The team is still thinking of ways to increase speed and efficiency, however. Because the sanders can only come up to the dam to for a fresh load of sand, there’s a distance from the ditches at both the beginning and end of the dam which can be missed. “We’ve also purchased a used side-discharge manure spreader to fill in the gaps,” Bryan says. “We’ve retrofitted it to slow it down, then did a fair amount of experimenting and finally came up with something that seems to be working. What we do is we drive it down the dam and it throws sand out the side, roughly 15 to 20 feet. We’ve only just started using it, and the wind affects it quite a bit; it needs a calm day with no ice on the beds.”

While the machine was not running much this week, thanks to the weather, operator Wilfredo Pagan has been very pleased and is very excited about the increased speed and coverage area. And if the weather cooperates, we’re hoping to get some video so you can see it in action!

First snow of 2018

Not sure if anyone’s heard anything about it, but it’s been a bit cold recently and we’ve even had some snow in the region!

The cold has been a struggle even without the snow. “We haven’t been doing any sanding, obviously,” says Matt Giberson. “At least, not until it thaws out, and in order to do that we need a good rain to melt the ice. We’re at least a week or two from that even happening right now.”

The farm ended up getting about ten to twelve inches in yesterday’s storm, and the team did a lot of work beforehand to get ready. “Some of it was already done as part of the usual routine,” says Louis Cantafio. “But we made sure everything was buttoned up. And in this cold, we’re trying to warm stuff up longer, but otherwise it’s steady as she goes.”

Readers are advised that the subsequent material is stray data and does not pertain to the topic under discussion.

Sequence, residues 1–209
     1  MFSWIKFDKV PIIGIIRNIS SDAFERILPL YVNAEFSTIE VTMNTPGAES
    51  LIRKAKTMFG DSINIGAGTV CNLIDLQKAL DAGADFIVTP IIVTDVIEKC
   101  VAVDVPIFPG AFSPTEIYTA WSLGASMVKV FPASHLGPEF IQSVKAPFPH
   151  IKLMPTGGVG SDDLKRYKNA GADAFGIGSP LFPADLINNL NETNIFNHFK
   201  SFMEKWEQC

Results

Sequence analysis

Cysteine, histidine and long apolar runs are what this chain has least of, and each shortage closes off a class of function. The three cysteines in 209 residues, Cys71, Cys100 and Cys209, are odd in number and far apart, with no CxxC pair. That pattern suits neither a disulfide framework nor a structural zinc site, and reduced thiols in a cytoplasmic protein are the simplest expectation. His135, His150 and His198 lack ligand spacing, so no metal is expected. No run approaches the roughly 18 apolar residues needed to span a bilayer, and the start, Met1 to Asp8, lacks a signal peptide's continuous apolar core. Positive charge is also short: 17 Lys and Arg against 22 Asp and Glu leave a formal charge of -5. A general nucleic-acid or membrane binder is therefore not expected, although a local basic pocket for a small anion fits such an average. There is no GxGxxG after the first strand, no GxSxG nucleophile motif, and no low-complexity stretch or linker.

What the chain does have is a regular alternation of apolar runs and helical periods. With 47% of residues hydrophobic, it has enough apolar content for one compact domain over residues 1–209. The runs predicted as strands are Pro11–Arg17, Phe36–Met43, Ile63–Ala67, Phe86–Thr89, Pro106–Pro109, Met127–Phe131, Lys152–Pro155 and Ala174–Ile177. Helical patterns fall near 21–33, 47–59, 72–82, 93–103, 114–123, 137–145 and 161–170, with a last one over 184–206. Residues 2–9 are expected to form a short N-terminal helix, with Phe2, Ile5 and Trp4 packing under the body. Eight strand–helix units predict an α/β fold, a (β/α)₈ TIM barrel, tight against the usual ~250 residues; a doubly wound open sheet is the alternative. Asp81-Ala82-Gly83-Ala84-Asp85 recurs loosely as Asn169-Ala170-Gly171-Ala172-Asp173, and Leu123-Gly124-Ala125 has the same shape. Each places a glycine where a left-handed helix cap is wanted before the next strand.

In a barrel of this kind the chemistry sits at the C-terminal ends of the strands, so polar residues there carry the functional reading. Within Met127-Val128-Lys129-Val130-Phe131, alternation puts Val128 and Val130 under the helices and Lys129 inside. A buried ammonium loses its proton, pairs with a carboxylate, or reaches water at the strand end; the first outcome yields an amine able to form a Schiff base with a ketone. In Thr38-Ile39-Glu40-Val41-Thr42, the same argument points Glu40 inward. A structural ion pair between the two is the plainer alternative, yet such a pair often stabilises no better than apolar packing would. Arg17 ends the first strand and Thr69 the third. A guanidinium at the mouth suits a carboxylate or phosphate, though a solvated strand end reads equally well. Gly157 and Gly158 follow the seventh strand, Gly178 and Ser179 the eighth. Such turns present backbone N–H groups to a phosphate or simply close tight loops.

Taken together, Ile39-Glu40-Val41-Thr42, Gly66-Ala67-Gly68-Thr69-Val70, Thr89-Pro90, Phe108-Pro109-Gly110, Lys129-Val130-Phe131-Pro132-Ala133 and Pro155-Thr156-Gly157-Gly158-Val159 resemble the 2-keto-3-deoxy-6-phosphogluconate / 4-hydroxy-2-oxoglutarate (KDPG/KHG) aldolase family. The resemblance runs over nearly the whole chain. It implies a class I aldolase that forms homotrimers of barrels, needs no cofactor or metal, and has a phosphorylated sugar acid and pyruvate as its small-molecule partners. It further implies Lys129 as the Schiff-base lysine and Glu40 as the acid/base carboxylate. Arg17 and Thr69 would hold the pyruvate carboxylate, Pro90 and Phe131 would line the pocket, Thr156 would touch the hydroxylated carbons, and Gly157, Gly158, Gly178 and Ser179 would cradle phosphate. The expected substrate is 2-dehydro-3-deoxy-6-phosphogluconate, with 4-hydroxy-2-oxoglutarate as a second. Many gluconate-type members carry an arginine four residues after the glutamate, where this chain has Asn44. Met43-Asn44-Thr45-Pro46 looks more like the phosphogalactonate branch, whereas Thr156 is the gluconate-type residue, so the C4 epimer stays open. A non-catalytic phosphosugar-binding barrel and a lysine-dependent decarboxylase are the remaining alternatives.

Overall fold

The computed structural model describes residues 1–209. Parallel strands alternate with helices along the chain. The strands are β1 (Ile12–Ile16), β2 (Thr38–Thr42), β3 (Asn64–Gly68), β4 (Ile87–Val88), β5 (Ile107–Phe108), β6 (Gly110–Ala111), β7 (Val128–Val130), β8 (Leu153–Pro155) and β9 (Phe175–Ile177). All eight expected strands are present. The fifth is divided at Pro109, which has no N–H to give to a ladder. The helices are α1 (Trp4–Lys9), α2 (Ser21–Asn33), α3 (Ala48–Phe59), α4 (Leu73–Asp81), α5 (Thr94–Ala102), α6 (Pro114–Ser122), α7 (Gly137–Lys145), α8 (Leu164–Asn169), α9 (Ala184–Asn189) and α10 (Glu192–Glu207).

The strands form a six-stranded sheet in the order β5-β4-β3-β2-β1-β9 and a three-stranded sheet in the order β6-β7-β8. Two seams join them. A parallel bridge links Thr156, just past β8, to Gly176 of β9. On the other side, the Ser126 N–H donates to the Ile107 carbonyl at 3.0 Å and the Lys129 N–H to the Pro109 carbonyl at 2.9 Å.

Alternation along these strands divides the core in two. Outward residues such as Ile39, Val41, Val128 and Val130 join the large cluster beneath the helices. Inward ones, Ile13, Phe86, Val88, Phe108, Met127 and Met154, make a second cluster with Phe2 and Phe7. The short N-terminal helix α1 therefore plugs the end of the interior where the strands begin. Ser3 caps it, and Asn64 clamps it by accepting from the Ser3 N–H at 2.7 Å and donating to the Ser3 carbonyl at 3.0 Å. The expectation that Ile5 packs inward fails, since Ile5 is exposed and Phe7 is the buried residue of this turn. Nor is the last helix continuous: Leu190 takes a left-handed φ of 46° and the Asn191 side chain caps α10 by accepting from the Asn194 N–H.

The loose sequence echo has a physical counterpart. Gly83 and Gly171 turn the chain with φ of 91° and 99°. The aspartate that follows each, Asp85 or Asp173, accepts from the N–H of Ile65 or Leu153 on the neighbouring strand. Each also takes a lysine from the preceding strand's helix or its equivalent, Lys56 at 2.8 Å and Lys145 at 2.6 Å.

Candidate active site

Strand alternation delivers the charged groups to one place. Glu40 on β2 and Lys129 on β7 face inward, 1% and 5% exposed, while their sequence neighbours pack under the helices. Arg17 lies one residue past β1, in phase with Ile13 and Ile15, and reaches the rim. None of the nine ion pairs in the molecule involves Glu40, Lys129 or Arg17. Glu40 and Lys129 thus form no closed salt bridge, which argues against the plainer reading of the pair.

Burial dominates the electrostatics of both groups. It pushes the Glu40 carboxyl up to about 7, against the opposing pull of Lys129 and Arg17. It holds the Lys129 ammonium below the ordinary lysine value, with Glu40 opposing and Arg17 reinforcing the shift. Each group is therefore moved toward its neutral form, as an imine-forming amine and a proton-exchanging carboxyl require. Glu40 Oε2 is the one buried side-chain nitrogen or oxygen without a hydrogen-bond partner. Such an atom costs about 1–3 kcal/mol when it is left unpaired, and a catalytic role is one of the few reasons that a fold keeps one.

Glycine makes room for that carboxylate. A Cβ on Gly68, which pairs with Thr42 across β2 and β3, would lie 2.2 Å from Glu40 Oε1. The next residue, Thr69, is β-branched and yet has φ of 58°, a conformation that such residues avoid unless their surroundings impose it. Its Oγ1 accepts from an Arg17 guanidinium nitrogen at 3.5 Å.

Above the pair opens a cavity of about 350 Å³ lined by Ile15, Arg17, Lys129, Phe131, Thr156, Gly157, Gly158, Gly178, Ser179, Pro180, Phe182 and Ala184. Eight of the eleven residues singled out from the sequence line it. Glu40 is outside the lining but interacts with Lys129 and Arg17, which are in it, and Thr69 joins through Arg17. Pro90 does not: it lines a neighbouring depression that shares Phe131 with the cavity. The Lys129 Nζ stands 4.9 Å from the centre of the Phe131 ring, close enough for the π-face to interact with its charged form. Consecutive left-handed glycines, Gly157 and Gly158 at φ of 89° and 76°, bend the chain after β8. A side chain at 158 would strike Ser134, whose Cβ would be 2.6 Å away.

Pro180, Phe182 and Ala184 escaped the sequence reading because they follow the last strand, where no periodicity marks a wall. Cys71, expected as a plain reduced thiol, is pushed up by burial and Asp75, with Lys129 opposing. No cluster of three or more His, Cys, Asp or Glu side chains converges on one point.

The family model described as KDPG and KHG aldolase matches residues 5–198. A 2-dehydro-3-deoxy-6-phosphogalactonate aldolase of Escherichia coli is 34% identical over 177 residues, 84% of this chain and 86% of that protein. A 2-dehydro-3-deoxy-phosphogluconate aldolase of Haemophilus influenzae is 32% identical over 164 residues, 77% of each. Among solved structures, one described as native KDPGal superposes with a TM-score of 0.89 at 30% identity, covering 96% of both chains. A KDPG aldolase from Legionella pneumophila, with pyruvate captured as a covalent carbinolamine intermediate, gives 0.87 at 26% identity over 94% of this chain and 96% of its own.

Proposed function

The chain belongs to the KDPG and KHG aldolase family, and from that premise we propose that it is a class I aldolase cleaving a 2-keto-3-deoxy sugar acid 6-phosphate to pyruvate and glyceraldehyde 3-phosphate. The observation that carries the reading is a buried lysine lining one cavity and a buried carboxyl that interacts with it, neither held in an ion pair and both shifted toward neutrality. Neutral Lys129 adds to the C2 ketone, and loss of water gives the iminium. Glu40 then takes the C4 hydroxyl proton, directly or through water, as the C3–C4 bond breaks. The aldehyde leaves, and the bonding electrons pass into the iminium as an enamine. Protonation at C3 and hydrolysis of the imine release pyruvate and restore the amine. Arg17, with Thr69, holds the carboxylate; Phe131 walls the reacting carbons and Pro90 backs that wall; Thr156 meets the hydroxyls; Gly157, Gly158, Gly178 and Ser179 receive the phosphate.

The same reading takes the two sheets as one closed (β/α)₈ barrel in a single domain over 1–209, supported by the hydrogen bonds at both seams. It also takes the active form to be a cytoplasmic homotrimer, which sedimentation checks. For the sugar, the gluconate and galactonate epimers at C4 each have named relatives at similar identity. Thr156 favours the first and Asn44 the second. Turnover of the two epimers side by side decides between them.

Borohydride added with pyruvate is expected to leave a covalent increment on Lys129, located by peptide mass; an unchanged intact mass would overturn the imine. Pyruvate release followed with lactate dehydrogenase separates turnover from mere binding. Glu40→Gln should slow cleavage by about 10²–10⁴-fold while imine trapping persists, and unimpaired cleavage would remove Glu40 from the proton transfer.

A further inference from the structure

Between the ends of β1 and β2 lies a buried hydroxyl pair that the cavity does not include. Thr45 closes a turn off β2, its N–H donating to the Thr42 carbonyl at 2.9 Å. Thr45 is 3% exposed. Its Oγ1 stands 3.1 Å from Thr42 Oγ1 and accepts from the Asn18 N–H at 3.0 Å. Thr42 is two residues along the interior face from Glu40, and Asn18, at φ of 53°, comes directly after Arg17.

Wednesday was all about storm prep. “We’ve been keeping an eye on the models but you never know what you’re going to get,” said Matt. “We could get anything from one to four inches to one to four feet. But we’re getting the loaders ready and will drop them off with Junior, Wilfredo, Caesar, and Joel so when it hits we can start clearing immediately.” Water, of course, is always our top priority. “The winter flood is on everywhere, and we’ve got all the wells shut down. But it’s been a struggle because of the ice forming; it’s hard to judge what the natural stream is when everything freezes up on us. We’ll keep breaking any ice forming when the snow and the wind blowing into the gates, but we’ll see.”

Our team is also doing as little work outside as possible. “We’re keeping the guys inside because it’s going to be brutal for next couple days. When it warms up we can do outside work on the dams, but when it’s 3 degrees out it limits our outdoor work,” Matt says. “So we’ll keep everyone indoors until the temperature rises a little; we’ll work on sprinklers, build gates, do some clean up, get the camp ready for next year when the seasonal guys come back.”

It’s not easy, but our team will keep doing whatever it takes, whatever the weather!

Reel method

With fewer acres to pick due to the late-holds as well as our ongoing renovation projects, we’re typically only running two picking crews this year rather than the usual three. The majority will be picked with the Gates Harrow, though a limited number of older bogs will still be harvested using the reel method.

The Gates Harrow is not as hard on the plants as our usual method, and our renovation program is geared for increased efficiency by being user-friendly for equipment like this. But there are still older beds in the center of the farm that are easier to pick using the former method. (This goes for gathering as well; while the bog side cleaner remains in use, the crew instead uses the box trucks instead of tractor trailers, as the dams there simply are not wide enough.)

When it comes to picking with the reels, there’s a lot to think about; it’s not as easy as just putting the machines in the water. There’s a method to it in order to keep from damaging the fruit or the vines. The difficulty fluctuates slightly due to bog size, weeds, and terrain, as well as other variables such as water levels, crop size, and even berry variety, as newer varieties typically have a greater yield. Some berries do not float to the surface as easily and remain under the vine canopy, which is why they stagger machines in the water in order to both maximize yield and minimize damage to the vines.